I had a slightly surreal experience with Nick Clegg's speech today. I was on a panel for BBC Radio 5 Live being interviewed by John Pienaar along with Olly Grender and Simon Hughes MP. Olly apologised for not having read my blog, although she said she would. I'll believe it when I see a comment from her! We were up on the balcony with headphones on for the pre-speech interviews and I stayed there for the speech as John was going to come back to us for comments afterwards (although in the end the speech overran and they couldn't squeeze us in). I was facing the wrong way so there was much neck craning!
The speech itself was delivered very well I thought. There was some good stuff in there which I will come to but there was also a notable lack of any direct reference to the mansion tax and student fees debacle although it was alluded to. I really felt that he had to tackle this head on. I was reminded of how someone like Tony Blair would have done this. He always found a way to shrug these things off usually in a self-deprecating style which I think would have worked here. Nick chose not to.
Some other notable things for me:
- The Cameron and Brown bashing unsurprisingly seemed to go down well.
- It was his wedding anniversary today! I'm not sure how my wife would react if I spent our anniversary making a 45 minute speech like this...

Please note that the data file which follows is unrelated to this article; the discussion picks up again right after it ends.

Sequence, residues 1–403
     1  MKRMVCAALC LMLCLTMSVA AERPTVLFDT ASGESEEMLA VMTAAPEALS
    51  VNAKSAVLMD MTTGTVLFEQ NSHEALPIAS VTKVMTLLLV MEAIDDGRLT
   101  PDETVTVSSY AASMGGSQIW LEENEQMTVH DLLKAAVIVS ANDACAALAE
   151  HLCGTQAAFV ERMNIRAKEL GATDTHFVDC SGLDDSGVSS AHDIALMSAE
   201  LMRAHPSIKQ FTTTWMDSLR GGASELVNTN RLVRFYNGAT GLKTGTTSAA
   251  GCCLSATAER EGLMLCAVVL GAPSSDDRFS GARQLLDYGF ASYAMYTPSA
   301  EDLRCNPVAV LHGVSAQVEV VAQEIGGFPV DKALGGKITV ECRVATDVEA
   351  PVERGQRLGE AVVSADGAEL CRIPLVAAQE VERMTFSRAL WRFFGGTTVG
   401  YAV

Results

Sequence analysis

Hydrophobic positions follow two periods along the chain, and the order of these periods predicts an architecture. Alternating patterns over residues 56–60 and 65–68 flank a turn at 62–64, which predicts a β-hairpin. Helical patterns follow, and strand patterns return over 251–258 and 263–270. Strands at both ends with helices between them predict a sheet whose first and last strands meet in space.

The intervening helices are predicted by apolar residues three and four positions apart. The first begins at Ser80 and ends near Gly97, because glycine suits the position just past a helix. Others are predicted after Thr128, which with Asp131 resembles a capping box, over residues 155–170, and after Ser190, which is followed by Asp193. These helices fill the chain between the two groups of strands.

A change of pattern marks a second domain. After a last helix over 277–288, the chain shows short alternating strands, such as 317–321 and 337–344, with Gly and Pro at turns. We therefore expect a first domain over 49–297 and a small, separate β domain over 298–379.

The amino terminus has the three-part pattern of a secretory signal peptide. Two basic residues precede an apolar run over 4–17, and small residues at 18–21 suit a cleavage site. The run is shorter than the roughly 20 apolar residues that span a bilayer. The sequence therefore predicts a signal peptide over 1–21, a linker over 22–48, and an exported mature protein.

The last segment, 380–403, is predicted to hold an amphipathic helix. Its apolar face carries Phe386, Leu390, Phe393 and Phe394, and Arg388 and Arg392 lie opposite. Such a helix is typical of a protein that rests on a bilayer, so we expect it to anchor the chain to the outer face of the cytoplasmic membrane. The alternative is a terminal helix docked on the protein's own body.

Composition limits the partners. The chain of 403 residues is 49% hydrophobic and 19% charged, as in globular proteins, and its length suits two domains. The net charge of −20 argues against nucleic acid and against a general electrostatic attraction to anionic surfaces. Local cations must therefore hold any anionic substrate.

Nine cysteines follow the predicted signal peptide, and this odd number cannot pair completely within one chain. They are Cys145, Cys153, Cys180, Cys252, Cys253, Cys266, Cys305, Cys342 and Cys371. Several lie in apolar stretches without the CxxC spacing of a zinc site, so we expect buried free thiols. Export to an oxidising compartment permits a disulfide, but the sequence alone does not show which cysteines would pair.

- His comment about perhaps being a little bit blunt in interviews but at least it proves he is not being spun had unfortunate echoes of the "Not Flash, Just Gordon" slogan...
- What the hell is "progressive austerity"? I suspect they won't be talking about this down the Dog and Duck.
- When he talked about specific saving pledges and what could be done with the money he made no mention at all about tuition fees despite being specific in a number of other areas. The applause for this section was halting and hesitant.
- He made a very good point: "In Britain today, a poor, bright child will be overtaken by a less intelligent, but wealthier child by the time he is seven". This is dreadful but research I saw in Malcolm Gladwell's "Outliers" suggests that this can be attributed to the lack of summer reading and other extra-curricular educational activities that better off children are exposed to. I wonder if Clegg or his team have read any Gladwell.
- There was a good section on electoral reform where he pointed out the rottenness of the existing system and also seemed to me to be quoting figures from LDV's Dr Pack about almost half of seats not having changed hands during his entire lifetime. This section seemed to me to get the longest applause of the speech (apart from the end of course).
People I spoke to afterwards seemed to think that overall he had done well. I always expected he would deliver it well and he did.
I still think he needed to do more to calm some of the troubled waters the leadership have stirred up in the last few days and may come to regret not having done so.